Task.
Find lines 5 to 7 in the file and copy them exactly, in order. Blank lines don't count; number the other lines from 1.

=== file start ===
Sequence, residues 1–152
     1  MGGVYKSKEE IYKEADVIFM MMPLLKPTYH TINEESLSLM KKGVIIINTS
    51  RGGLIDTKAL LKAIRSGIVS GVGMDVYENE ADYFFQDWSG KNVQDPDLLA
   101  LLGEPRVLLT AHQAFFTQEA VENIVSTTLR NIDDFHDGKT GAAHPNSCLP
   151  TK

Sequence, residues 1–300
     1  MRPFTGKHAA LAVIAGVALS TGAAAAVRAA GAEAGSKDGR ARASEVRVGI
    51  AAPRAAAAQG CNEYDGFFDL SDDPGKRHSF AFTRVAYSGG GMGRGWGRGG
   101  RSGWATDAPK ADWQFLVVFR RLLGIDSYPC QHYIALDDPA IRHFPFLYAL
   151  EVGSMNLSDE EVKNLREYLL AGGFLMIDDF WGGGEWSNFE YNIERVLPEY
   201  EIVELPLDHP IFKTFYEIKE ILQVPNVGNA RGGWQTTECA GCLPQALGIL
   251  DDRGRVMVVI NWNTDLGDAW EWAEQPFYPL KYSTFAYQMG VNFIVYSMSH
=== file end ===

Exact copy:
   151  TK

Sequence, residues 1–300
     1  MRPFTGKHAA LAVIAGVALS TGAAAAVRAA GAEAGSKDGR ARASEVRVGI